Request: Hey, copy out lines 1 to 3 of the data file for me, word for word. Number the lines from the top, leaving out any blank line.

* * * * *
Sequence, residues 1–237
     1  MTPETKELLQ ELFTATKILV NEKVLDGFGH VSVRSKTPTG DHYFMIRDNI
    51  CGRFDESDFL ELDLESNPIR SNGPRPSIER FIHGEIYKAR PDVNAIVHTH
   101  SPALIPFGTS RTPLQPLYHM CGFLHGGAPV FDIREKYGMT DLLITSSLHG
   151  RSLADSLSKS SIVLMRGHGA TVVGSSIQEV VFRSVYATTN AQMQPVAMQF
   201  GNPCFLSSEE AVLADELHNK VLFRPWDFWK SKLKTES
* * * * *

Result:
Sequence, residues 1–237
     1  MTPETKELLQ ELFTATKILV NEKVLDGFGH VSVRSKTPTG DHYFMIRDNI
    51  CGRFDESDFL ELDLESNPIR SNGPRPSIER FIHGEIYKAR PDVNAIVHTH